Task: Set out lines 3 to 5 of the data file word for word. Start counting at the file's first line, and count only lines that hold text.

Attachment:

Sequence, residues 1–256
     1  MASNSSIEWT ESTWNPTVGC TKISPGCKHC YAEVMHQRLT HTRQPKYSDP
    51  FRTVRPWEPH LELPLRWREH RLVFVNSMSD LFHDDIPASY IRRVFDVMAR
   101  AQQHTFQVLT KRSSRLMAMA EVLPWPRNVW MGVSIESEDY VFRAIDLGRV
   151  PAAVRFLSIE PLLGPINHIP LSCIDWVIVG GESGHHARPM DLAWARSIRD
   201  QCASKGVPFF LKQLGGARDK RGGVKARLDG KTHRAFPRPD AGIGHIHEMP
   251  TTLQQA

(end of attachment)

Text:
    51  FRTVRPWEPH LELPLRWREH RLVFVNSMSD LFHDDIPASY IRRVFDVMAR
   101  AQQHTFQVLT KRSSRLMAMA EVLPWPRNVW MGVSIESEDY VFRAIDLGRV
   151  PAAVRFLSIE PLLGPINHIP LSCIDWVIVG GESGHHARPM DLAWARSIRD